Real estate professionals in California sold slightly fewer homes in April than they did a year ago, according to a report by real estate data company MDA DataQuick. Sales of both new and resale houses and condominiums were down 1.3 percent year-over-year, to an estimated 37,481 units. That a 0.5 percent increase from March, however.

The median price for a home in the Golden State stayed flat month-to-month at $255,000, but was a 15.4 percent increase from April 2009.

Real estate professionals in California sold slightly fewer homes in April than they did a year ago, according to a report by real estate data company MDA DataQuick. Sales of both new and resale houses and condominiums were down 1.3 percent year-over-year, to an estimated 37,481 units. That a 0.5 percent increase from March, however.

The median price for a home in the Golden State stayed flat month-to-month at $255,000, but was a 15.4 percent increase from April 2009.

   


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Foreclosures made up a smaller percentage of resale homes sold in April, 38.1 percent, compared to a revised 40.3 percent in March and 54.6 percent in April 2009. "The all-time high was in February 2009 at 58.8 percent," the report said.

The typical monthly payment for homebuyers taking on mortgages last month was $1,108, an increase from $1,091 in March and $929 in April 2009, the report said.

"Indicators of market distress continue to move in different directions. Foreclosure activity is off its peaks reached in the past couple of years but remains high in a historical context. Financing with multiple mortgages is low, downpayment sizes are stable, cash and non-owner-occupied buying is up," the report said.

Sales in the nine-county San Francisco Bay Area made up 18.7 percent of California’s new and existing-home sales, the company said in a separate report. Sales in the region were down 1.9 percent year-over-year and essentially flat at a 0.2 percent increase from March.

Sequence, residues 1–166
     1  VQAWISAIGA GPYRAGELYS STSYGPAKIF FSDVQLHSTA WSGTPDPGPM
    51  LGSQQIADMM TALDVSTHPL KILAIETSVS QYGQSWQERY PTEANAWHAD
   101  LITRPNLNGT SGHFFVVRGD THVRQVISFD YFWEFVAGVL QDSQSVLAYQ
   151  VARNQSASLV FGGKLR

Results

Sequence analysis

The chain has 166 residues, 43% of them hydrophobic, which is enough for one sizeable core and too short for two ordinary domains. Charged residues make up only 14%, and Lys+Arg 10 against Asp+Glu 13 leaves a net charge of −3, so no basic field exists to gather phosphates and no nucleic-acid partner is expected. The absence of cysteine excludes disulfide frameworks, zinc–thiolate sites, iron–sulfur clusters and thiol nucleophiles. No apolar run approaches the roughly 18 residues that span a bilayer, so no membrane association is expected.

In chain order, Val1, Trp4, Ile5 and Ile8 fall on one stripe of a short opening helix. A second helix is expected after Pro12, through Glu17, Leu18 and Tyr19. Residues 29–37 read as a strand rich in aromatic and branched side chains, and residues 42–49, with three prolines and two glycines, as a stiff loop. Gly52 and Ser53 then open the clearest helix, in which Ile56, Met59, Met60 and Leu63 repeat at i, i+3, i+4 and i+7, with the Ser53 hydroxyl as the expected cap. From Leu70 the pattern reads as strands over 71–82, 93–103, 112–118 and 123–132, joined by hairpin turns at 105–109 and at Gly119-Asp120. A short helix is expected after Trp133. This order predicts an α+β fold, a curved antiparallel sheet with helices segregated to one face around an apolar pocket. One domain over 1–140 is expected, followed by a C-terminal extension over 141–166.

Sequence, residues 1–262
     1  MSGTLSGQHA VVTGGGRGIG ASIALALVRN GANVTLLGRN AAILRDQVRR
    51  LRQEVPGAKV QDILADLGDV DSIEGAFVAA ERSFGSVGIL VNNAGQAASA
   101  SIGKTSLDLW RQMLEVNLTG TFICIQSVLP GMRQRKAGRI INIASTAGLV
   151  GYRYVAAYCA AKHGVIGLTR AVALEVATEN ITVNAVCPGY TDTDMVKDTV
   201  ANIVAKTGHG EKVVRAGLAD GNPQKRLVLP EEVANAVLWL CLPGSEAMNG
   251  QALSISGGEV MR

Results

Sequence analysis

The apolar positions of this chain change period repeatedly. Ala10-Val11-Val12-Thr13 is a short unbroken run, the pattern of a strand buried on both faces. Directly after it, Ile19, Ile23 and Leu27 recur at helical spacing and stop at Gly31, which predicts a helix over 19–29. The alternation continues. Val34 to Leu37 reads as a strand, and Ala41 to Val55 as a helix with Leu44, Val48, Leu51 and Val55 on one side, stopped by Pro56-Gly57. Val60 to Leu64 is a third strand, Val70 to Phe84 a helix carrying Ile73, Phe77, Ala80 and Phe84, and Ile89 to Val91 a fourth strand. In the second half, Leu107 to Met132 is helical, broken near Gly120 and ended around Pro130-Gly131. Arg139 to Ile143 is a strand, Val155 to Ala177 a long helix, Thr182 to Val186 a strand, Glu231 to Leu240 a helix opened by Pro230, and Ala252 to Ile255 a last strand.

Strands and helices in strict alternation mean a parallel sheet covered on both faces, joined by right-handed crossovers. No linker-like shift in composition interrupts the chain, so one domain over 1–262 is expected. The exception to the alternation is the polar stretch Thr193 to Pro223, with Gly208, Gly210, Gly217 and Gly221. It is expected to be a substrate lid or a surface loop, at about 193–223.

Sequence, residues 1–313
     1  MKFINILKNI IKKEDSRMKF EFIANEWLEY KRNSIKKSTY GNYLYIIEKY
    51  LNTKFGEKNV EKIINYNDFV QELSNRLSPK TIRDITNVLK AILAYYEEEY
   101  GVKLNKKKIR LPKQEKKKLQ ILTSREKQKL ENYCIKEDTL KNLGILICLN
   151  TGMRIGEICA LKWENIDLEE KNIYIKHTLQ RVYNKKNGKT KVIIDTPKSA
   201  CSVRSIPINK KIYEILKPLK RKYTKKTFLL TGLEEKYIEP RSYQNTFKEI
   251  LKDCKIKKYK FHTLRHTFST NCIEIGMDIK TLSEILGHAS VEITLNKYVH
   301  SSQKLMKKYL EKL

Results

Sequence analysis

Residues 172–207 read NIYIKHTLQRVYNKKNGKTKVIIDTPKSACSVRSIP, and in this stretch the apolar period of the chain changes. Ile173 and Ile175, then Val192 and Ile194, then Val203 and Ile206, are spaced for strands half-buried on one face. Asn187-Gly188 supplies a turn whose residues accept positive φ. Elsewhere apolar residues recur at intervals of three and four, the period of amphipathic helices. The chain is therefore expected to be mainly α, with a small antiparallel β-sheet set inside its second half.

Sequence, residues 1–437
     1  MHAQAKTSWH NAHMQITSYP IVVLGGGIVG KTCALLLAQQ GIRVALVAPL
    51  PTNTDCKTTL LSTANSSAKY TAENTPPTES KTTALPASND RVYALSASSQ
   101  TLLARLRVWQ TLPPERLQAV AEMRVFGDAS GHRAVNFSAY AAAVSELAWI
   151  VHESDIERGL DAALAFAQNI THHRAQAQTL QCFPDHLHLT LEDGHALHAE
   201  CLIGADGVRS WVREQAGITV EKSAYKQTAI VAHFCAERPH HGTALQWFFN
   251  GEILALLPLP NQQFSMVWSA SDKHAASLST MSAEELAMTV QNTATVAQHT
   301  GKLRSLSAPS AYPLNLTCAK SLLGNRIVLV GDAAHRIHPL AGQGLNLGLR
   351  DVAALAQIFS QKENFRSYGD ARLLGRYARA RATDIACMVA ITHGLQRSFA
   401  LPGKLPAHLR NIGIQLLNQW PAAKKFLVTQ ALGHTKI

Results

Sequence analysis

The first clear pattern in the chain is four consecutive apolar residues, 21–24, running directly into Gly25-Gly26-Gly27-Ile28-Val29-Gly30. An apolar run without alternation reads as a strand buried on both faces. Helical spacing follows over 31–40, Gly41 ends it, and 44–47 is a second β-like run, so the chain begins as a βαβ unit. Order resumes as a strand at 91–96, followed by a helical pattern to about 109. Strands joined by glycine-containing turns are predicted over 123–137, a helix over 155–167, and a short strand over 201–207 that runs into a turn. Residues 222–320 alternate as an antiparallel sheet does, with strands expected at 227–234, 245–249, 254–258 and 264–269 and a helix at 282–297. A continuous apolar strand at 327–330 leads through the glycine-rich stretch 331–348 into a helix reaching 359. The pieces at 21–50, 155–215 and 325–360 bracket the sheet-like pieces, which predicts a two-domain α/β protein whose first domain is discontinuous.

"It’s not clear how many April sales (closings) might have been pushed into May or June by tax credits. The bigger picture is that the housing market will gradually be decoupled from government stimulus and be on its own again," said John Walsh, MDA DataQuick’s president, in a statement.

"For months we’ve seen growing signs of a recovery taking hold. But plenty of challenges remain like high unemployment, the possibility of many more distressed properties hitting the market in a rising interest-rate environment, and a dysfunctional jumbo loan market, which is a big deal in the Bay Area," he said.

The median price of a Bay Area home was higher and rose faster than the state’s median: $370,000, a 21.7 percent increase from April 2009. The median fell 2.6 percent from March. April was the median’s seventh straight monthly year-over-year rise, the report said.

Foreclosure resales made up 29.5 percent of existing-home purchases, down from 46.6 percent in April 2009.